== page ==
Blue Zones in Statistics – The ingredients for a higher life expectancy

April 16, 2019

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‘Forever young, I want to be forever young! Do you really want to live forever, forever and ever young?’ is what has been sung in a popular song. This question has been asked frequently by a lot of people. The answer to this question certainly differs per person. Yet, we are trying to figure out for hundreds of years what makes people older and what doesn’t, in order to live longer ourselves. One of the great ways to investigate this is by looking at Blue Zones. In this article we will dive into one specific area in Sardinia and elaborate on the research that has been done to identify a geographic area characterized by extreme longevity. Secondly, we will look at the characteristics Blue Zones share and what makes the population’s longevity relatively high in these zones.

The age expectancy of someone is short-said determined by two factors, namely genes and lifestyle. The impact of each factor still seems to be quite ambiguous. Although the relative influence of each component might differ according to several studies, the common findings state that even though we cannot fully impact the genetic lottery we encounter (for now), we do have an influence on our life expectancy through our lifestyle. There is still a lot confusion about what really helps us live longer or better. There are a lot of myths concerning longevity. For example, the aging process cannot be stopped or slowed down. Since, based on our capabilities, a person’s average life expectancy could be around 90 years old, nevertheless, this turns about the be around 7 years less, on average, due to external factors such as smoking, drinking and bad eating patterns. One could decrease this turndown of approximately 7 years by improving lifestyle habits.
Researchers have been trying to figure out which factors impact our mental and physical health in a positive way and by how much. Previous studies show evidence of a higher life expectancy in certain geographical areas. National Geographic and the National Institute of Aging have found four demographic confirmed areas that are geographically defined and showed a significant higher life expectancy compared to other areas in the world. These areas are so-called Blue Zones. In a recent study it was found that Sardinia, where one of the Blue Zones is located, has a prevalence of centenarians which are higher than in other European countries. Prior research contained invalidated results which were a cause of age misreporting or other errors in data collection. Therefore this specific research, done by Michel Poulain and Gianni Pes in 2004, showed remarkable results for one of the first times. Sardinia is a very interesting place on its own, since the Sardinian population remained genetically isolated for a number of centuries and has experienced no immigration in recent history. Moreover, the living habits in Sardinia have remained almost constant over the years.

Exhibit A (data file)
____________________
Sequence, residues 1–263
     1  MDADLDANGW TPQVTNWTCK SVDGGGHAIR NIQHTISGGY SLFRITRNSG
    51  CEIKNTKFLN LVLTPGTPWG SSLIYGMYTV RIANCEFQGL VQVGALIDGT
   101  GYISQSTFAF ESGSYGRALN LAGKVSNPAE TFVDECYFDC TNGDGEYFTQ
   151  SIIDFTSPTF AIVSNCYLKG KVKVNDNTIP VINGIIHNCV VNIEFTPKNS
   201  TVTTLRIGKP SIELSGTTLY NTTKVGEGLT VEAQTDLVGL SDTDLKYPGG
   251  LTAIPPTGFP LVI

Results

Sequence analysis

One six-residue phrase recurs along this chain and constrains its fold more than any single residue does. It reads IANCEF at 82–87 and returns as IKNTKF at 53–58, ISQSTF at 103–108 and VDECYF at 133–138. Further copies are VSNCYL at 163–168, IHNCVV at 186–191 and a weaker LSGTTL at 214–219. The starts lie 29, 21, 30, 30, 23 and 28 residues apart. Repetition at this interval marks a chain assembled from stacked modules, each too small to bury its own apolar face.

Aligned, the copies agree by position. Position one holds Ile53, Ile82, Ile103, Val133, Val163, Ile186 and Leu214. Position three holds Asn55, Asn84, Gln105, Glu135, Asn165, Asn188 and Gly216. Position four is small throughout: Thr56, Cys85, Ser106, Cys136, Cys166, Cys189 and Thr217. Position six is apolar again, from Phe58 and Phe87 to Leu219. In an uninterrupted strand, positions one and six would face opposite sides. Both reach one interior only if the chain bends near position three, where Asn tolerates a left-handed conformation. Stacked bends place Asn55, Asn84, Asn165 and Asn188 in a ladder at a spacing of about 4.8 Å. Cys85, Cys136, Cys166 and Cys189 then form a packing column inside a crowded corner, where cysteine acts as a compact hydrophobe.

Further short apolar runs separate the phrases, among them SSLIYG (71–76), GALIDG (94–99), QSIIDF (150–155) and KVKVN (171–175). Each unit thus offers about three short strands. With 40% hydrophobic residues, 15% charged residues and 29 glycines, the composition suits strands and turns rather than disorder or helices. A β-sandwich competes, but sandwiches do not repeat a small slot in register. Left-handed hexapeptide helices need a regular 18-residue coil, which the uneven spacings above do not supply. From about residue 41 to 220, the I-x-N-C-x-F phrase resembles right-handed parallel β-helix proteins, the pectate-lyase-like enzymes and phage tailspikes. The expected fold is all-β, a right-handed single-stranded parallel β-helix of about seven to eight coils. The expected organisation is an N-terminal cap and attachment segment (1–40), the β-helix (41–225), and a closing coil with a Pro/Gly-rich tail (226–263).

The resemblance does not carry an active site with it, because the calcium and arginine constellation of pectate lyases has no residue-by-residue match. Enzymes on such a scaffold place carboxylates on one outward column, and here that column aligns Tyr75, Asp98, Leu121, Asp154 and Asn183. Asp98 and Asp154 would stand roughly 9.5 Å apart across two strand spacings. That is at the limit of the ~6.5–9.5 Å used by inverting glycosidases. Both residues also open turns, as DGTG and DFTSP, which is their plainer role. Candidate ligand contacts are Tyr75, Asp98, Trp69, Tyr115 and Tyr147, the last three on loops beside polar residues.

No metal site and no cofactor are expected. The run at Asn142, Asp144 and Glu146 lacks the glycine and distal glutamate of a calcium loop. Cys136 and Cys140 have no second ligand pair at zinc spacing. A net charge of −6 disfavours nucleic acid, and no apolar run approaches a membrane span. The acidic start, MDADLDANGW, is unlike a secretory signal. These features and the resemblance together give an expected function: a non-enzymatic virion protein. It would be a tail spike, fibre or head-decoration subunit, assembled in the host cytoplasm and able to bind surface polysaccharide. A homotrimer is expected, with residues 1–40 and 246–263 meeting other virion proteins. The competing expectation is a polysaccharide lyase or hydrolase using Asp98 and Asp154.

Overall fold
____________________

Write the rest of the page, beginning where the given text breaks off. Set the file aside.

The extreme longevity index (ELI) is a measure that is introduced to convey information on the probability that a person born in a given place becomes a centenarian. This index is more stable and reliable than the simple one-year prevalence, since the number of centenarians used in the calculation is much higher. The ELI might be underestimated due to the fact that possible centenarians might have emigrated and are therefore not taken into consideration. Since there is nearly any immigration, there are very small changes of overestimation of the index. In order to check whether the amount of centenarians is statistically significant and non-random Poulain used a spatial deterministic model. Spatial analysis includes any of the formal techniques which studies entities using their topological, geometric, or geographic properties. Deterministic models do not acknowledge uncertainty, the advantage of the model is simplicity and therefore the model is useful for exploratory analysis. In their research the hypothesis stated that municipalities with high ELI and municipalities with low ELI are organized in clusters and that in the high ELI cluster all the municipalities with ELI higher than the average ELI for Sardinia would be spatially adjacent to cover a specific territory. The difference between the number of centenarians born in the municipality i, X(i), and the expected theoretical number of centenarians for the same municipality, X'(i). P(i) states the number of births between 1880 en 1900, this yields the following equation: